When vehicles carry heavy loads, their suspension is compressed, causing the rear of the vehicle to be lower than normal.
As a result, steering becomes lighter, the alignment of the headlights becomes too high, and the compression length of travel of the suspension over bumps is reduced, causing discomfort to passengers.
To reduce these effects, a manually adjustable air spring can be incorporated into each rear shock absorber. The air spring consists of a flexible rubber cylinder which seals the outside of the upper and lower halves of the shock absorber.
The shock absorber is a standard hydraulic type, providing normal dampening action, but when a heavy load is placed on the rear of the vehicle, the rubber air cylinder can be pressurized to assist the suspension springs.
By changing the air pressure in the cylinder, the ride height can be adjusted, as well as the stiffness of the suspension.
Compressed air in the pneumatic cylinder can absorb smaller road shocks, and provide better ride characteristics than just stiff springs alone.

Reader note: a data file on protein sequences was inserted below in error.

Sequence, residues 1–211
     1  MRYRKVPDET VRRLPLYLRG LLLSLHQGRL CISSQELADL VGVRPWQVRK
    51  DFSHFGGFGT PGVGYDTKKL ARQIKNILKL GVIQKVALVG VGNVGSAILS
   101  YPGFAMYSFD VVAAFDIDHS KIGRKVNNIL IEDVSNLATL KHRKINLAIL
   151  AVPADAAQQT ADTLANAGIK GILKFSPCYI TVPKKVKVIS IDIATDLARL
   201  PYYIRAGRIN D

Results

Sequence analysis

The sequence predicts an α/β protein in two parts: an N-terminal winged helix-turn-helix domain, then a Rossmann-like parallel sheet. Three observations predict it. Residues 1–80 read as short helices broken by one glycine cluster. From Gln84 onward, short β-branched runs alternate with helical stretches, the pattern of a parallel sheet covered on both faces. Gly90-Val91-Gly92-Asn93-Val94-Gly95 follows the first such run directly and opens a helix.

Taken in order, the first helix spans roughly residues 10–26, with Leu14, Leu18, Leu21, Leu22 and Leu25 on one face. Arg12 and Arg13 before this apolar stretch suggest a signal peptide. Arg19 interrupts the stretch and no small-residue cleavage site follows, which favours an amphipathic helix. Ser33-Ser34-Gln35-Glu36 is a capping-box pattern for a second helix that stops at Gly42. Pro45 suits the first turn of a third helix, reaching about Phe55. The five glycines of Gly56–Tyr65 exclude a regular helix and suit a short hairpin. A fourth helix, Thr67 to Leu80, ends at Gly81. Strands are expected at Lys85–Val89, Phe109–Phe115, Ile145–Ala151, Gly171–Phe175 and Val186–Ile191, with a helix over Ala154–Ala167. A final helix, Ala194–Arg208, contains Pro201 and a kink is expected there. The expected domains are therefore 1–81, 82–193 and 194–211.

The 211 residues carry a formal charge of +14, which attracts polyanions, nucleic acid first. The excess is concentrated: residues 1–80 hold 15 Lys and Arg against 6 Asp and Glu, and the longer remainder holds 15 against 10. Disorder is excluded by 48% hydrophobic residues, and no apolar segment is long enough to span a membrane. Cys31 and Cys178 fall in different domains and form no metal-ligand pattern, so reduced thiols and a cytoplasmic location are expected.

The rubber air cylinder is connected to a filling valve by a flexible plastic hose. Air from a tire pump or a hand unit forces more air into the rubber cylinder, allowing the suspension to support more weight.
The maximum air pressure setting must not be exceeded as this can damage the shock absorber and its mounting points on the vehicle frame.
When the load is removed, the extra air is released through a filling valve, which allows the suspension to return to its original settings.
A minimum air pressure must be maintained in the cylinder to prevent tearing of the rubber as it collapses internally with shock absorber action.